Top 7 Health Concerns for Women
Posted 12/21/2016 by UHBlog
If you’re juggling any combination of childrearing, a job, volunteering in the community and/or caring for aging parents, you may find something has to give. Make sure it isn’t your health, says family medicine specialist Palak Shroff, MD.
“Women tend to get good medical care during pregnancy, but then as they get more involved with taking care of their children and families, they miss out on taking care of their own health,” Dr. Shroff says. “Everyone should be concerned about their own health at any given time and get annual physicals. When women say, ‘I haven’t see a physician for five or 10 years,’ that’s concerning.”
According to Dr. Shroff, the top seven health concerns among women are:
- Depression. Mental stability is critical for a woman’s total well-being because it affects her physical health and her quality of life. Depression is treatable, but it can fly under the radar if women don’t seek help or if symptoms mimic other issues. Dr. Shroff suggests calling your doctor immediately if you lose interest in daily activities, experience changes in appetite, can’t concentrate, feel like you have low energy or are always tired.
- Cardiovascular disease and type 2 diabetes. Obesity often plays a role in the development of these conditions, but women with a healthy body mass index can develop them as well. That’s why it’s important to see your doctor for regular screenings, she says. Treating high cholesterol and metabolic syndrome can help minimize the risk of heart attack or stroke.
Dr. Shroff recommends telling your doctor if you’re having trouble losing weight or are excessively thirsty because these are potential signs of diabetes, which can cause health problems affecting your kidneys, nerves, feet and eyes, as well as other risks – including heart disease. If you’re found to have diabetes, your doctor can prescribe medication and help you devise a nutrition and exercise regime.
- Substance abuse. Excessive alcohol consumption and dependence on painkillers are certainly concerns, but smoking is the most prevalent addictive habit Dr. Shroff sees in her practice.
“Smoking is related to not only lung, throat and bladder cancer, but also heart attack, stroke and peripheral vascular disease,” she says.
Cigarette smoke tends to stay in a person’s mouth and on her clothes, so she may unwittingly expose others to secondhand smoke through close contact, Dr. Shroff adds.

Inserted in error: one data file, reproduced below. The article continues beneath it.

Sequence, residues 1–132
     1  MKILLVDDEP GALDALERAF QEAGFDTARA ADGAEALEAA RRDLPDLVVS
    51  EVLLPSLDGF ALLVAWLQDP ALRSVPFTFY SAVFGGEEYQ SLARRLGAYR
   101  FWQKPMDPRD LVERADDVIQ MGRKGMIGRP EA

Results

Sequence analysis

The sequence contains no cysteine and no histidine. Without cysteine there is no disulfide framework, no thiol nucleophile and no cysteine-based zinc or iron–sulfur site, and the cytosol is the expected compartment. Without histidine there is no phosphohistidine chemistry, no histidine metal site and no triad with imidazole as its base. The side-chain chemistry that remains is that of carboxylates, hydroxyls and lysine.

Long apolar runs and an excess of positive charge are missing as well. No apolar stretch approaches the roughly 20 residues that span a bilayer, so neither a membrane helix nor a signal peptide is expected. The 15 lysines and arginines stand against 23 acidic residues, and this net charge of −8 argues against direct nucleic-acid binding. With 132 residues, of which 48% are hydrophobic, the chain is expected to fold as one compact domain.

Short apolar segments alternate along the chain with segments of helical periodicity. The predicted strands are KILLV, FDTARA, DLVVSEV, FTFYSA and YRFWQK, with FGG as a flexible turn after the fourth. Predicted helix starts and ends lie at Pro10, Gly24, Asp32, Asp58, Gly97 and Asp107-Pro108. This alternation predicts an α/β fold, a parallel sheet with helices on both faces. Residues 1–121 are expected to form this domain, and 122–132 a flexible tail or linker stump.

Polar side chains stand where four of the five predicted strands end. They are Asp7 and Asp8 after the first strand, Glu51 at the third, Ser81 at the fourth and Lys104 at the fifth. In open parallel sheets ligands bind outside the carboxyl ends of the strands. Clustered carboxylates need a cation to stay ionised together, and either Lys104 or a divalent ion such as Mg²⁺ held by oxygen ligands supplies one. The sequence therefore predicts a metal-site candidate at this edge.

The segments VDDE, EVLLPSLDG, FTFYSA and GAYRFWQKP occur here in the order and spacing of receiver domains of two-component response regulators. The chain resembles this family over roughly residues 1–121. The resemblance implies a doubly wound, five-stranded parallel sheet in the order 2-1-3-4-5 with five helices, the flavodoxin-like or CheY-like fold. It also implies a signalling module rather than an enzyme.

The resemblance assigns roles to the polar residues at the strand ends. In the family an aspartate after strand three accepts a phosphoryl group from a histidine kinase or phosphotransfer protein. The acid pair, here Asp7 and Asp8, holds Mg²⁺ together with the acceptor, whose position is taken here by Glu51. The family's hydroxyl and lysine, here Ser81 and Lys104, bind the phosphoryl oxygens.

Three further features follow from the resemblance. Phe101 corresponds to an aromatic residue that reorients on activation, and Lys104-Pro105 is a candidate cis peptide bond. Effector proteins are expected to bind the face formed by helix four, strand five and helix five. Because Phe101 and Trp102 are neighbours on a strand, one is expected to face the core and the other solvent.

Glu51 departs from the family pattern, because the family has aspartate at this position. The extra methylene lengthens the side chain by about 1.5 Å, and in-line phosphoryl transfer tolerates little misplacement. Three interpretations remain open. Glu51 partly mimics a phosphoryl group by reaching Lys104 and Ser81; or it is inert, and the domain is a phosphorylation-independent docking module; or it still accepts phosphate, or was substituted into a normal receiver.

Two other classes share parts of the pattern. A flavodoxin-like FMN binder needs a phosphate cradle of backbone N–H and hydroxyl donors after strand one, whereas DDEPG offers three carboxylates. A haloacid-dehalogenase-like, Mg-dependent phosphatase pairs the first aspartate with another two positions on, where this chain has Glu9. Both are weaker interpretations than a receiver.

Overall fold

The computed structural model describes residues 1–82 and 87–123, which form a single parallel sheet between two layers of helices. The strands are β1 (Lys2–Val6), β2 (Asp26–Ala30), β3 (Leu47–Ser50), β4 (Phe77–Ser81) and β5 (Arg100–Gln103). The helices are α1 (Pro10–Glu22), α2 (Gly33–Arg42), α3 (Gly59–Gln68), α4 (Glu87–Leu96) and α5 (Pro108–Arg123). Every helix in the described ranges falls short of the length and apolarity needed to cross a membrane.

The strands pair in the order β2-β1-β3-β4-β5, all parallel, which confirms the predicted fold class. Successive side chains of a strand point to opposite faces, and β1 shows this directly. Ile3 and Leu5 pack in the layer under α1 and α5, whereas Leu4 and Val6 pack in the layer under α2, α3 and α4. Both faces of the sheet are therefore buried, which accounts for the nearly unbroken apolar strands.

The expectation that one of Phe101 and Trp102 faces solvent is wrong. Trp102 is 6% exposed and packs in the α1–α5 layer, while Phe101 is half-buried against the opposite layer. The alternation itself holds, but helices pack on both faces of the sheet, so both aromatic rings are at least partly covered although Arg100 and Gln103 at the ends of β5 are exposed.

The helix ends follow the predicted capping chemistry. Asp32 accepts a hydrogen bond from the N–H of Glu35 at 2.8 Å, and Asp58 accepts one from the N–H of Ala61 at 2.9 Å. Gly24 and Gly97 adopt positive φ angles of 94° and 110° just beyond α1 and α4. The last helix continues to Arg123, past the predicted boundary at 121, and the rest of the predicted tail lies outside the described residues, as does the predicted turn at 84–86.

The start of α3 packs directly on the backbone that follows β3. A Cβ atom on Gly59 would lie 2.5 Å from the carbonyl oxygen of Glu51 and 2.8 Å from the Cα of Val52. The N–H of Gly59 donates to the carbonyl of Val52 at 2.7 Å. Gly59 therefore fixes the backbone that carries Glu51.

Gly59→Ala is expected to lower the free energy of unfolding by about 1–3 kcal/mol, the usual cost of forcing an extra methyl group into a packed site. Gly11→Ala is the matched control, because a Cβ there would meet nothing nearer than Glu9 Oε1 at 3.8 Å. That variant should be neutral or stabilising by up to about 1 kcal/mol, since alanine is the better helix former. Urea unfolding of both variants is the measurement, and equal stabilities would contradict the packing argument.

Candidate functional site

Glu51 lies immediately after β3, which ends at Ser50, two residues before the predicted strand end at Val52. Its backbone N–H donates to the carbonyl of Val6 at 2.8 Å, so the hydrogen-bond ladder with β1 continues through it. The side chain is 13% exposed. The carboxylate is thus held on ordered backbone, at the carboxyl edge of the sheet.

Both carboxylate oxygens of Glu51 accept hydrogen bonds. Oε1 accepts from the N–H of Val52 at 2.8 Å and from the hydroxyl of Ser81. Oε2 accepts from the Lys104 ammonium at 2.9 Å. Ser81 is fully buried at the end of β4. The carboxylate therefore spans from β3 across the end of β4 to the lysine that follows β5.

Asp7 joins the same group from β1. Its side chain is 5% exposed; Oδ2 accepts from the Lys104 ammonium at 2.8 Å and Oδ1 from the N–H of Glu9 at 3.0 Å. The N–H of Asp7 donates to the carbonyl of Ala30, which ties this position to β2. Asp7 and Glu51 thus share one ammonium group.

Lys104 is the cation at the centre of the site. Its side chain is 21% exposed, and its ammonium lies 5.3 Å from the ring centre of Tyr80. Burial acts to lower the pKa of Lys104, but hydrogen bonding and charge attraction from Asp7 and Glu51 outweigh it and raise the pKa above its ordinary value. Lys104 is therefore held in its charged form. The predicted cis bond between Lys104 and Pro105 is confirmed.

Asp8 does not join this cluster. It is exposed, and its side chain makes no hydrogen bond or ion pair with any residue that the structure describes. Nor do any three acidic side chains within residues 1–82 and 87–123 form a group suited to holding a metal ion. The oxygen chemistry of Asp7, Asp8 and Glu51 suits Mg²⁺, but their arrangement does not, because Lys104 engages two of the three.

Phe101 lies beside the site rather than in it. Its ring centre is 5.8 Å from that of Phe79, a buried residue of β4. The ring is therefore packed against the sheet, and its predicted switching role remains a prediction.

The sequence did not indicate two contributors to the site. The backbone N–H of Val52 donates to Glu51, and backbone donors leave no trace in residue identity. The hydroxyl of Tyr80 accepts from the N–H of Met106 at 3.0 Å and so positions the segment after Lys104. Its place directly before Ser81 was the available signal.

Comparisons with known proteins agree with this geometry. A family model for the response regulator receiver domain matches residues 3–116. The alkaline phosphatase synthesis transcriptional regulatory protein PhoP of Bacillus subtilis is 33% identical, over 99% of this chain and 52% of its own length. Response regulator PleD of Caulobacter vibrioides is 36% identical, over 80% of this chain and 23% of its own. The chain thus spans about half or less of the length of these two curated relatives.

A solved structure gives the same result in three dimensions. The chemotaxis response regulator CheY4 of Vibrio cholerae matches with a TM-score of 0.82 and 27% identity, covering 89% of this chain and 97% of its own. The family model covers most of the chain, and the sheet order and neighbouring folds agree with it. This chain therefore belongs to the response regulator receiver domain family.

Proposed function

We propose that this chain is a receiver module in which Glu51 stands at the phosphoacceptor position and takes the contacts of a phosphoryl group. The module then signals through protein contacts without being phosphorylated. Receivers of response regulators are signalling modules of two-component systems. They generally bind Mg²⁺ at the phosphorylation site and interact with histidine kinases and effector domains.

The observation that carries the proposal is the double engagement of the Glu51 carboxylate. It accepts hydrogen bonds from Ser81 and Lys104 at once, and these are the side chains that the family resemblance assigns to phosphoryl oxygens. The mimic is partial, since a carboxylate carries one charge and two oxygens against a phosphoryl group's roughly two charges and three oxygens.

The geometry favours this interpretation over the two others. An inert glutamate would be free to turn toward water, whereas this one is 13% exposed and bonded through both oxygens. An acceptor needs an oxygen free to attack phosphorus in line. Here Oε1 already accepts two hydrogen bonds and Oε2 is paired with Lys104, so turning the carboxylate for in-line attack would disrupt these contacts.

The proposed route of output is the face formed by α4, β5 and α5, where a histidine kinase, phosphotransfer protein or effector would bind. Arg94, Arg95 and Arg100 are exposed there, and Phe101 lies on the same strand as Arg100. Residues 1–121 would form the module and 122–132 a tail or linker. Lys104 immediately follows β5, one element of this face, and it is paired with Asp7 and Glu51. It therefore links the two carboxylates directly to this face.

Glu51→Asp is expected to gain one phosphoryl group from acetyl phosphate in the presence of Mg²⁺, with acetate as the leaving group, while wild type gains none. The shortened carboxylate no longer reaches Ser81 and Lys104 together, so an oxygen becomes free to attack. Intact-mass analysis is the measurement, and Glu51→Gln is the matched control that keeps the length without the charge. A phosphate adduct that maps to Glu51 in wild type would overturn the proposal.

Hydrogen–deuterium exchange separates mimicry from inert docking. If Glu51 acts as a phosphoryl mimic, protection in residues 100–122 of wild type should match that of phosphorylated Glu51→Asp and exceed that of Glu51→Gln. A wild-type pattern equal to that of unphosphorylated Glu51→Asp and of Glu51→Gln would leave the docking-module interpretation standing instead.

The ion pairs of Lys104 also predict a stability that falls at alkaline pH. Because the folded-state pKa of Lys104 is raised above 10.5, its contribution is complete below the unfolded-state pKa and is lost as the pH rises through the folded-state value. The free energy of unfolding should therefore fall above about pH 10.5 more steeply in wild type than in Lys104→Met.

- Menstrual irregularities. Don’t ignore changes in your period, especially heavy bleeding. The increased flow could be brought on by fluctuating hormone levels in perimenopausal women, but it could also signal fibroids or ovarian abnormalities in menstruating women of any age.
- Cancer. Be vigilant about scheduling regular screenings for breast, cervical and colon cancer, recommends Dr. Shroff. If you smoke, talk to your doctor about your risk for lung cancer. Advances in cancer therapies mean survival rates are rising, especially when tumors are discovered and treated early.
- Osteoporosis. Women over age 65 need regular screenings for osteoporosis, a condition that causes brittle bones. Younger women who are at a higher risk for developing the condition, such as those who have had multiple bone fractures, should also be screened.
- Anemia or vitamin D deficiency. According to Dr. Shroff, these treatable conditions are common in women. See your doctor if your skin, the area under your eyes or your nail beds are pale since these are possible signs of anemia, which can be treated with iron and/or vitamin B-12. Women who complain of muscle weakness may be deficient in vitamin D, which is absorbed into the skin through exposure to sunlight. This can be treated with an oral vitamin D supplement and calcium.
Palak Shroff, MD is a family medicine specialist at University Hospitals Painesville Medical Center. You can request an appointment with Dr. Shroff or any other doctor online.